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J Virol. 2016 Apr 14;90(9):4849-53. doi: 10.1128/JVI.03204-15. Print 2016 May.

Single-Particle Tracking Shows that a Point Mutation in the Carnivore Parvovirus Capsid Switches Binding between Host-Specific Transferrin Receptors.

Author information

1
School of Chemical and Biomolecular Engineering, Cornell University, Ithaca, New York, USA.
2
Baker Institute for Animal Health, Department of Microbiology and Immunology, College of Veterinary Medicine, Cornell University, Ithaca, New York, USA.
3
Baker Institute for Animal Health, Department of Microbiology and Immunology, College of Veterinary Medicine, Cornell University, Ithaca, New York, USA crp3@cornell.edu sd386@cornell.edu.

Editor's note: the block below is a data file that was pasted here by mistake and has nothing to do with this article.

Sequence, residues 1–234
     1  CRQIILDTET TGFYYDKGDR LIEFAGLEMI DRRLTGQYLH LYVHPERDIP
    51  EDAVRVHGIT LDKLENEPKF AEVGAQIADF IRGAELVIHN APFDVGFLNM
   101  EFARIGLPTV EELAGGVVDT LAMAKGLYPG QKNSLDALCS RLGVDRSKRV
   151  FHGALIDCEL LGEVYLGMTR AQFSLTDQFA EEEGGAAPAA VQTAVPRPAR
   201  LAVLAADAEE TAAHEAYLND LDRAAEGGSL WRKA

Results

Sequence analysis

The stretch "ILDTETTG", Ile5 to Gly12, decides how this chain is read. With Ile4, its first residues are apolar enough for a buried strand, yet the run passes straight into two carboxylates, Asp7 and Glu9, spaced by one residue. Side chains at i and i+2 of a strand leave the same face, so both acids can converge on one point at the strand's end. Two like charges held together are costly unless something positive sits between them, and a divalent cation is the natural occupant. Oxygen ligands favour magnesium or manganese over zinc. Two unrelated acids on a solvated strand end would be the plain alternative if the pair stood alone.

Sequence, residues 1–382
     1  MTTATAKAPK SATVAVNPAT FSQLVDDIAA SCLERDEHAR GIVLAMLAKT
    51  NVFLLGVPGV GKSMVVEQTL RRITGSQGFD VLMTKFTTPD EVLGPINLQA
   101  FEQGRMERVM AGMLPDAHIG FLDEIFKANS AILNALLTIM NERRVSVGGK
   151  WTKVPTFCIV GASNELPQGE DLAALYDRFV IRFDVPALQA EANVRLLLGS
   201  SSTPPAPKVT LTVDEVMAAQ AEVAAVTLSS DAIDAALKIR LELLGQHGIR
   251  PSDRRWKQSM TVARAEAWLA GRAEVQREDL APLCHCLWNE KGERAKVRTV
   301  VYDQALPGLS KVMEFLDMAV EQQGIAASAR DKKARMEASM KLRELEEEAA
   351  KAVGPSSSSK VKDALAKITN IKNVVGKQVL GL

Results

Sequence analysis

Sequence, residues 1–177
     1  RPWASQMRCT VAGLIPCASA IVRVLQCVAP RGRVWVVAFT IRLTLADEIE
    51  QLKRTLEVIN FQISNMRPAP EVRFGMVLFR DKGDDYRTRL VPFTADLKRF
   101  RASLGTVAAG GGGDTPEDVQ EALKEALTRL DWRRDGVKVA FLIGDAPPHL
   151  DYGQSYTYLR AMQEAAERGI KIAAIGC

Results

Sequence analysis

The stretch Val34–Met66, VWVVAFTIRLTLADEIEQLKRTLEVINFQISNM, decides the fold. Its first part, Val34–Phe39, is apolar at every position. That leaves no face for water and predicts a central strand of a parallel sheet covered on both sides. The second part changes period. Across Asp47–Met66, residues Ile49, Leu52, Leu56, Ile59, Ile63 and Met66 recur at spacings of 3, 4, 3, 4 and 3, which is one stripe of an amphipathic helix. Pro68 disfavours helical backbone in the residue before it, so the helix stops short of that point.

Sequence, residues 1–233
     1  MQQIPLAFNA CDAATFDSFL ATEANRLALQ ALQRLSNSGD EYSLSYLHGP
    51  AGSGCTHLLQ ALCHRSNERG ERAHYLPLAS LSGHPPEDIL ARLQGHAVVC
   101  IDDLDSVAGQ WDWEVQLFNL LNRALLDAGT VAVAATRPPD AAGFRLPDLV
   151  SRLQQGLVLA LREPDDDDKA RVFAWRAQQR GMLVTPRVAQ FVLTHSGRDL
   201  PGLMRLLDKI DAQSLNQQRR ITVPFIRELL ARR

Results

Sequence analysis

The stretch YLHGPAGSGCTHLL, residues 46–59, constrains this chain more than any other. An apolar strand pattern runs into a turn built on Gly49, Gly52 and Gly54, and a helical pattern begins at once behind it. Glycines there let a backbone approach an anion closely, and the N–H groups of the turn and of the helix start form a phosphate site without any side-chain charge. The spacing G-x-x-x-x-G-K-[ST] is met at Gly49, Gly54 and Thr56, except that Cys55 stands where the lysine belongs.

4
School of Chemical and Biomolecular Engineering, Cornell University, Ithaca, New York, USA crp3@cornell.edu sd386@cornell.edu.

Abstract

Determining how viruses infect new hosts via receptor-binding mechanisms is important for understanding virus emergence. We studied the binding kinetics of canine parvovirus (CPV) variants isolated from raccoons-a newly recognized CPV host-to different carnivore transferrin receptors (TfRs) using single-particle tracking. Our data suggest that CPV may utilize adhesion-strengthening mechanisms during TfR binding and that a single mutation in the viral capsid at VP2 position 300 can profoundly alter receptor binding and infectivity.

PMID:
26889026
PMCID:
PMC4836364
DOI:
10.1128/JVI.03204-15
[Indexed for MEDLINE]
Free PMC Article

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